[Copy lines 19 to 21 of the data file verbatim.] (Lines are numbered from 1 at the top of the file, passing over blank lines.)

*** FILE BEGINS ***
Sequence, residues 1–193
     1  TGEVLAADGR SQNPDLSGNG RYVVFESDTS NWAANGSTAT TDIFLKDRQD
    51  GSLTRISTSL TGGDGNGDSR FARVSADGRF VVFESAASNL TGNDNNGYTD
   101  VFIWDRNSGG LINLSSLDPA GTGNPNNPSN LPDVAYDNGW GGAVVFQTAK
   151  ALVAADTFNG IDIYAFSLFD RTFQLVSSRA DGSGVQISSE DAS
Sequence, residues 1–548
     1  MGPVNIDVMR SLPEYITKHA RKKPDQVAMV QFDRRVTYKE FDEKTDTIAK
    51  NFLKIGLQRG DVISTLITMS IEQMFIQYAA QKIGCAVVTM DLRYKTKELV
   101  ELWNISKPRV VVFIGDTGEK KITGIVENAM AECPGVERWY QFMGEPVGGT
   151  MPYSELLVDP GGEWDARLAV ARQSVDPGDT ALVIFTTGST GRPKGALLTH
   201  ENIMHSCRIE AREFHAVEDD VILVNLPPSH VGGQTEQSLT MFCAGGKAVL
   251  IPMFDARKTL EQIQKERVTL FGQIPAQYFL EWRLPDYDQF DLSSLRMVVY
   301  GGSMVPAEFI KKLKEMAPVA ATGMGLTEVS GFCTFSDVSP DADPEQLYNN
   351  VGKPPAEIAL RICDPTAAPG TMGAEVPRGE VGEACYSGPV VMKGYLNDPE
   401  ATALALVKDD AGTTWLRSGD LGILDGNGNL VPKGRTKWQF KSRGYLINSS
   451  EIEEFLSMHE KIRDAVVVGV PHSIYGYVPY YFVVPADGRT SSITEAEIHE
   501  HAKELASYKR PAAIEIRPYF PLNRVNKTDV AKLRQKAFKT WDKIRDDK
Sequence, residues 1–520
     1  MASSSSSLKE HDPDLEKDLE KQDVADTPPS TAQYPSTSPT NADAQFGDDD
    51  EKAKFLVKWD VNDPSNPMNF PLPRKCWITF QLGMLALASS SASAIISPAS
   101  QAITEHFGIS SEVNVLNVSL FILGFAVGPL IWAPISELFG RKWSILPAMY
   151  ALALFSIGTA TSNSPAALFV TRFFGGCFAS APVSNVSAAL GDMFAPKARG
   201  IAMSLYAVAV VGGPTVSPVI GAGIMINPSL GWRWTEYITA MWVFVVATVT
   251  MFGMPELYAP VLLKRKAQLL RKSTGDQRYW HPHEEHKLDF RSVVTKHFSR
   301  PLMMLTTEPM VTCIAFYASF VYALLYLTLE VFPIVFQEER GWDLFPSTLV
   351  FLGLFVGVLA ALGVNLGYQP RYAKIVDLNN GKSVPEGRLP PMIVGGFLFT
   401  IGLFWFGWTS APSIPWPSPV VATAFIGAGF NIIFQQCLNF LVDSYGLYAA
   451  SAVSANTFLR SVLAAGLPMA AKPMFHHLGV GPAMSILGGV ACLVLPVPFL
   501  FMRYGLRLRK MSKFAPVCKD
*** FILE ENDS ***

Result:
     1  MASSSSSLKE HDPDLEKDLE KQDVADTPPS TAQYPSTSPT NADAQFGDDD
    51  EKAKFLVKWD VNDPSNPMNF PLPRKCWITF QLGMLALASS SASAIISPAS
   101  QAITEHFGIS SEVNVLNVSL FILGFAVGPL IWAPISELFG RKWSILPAMY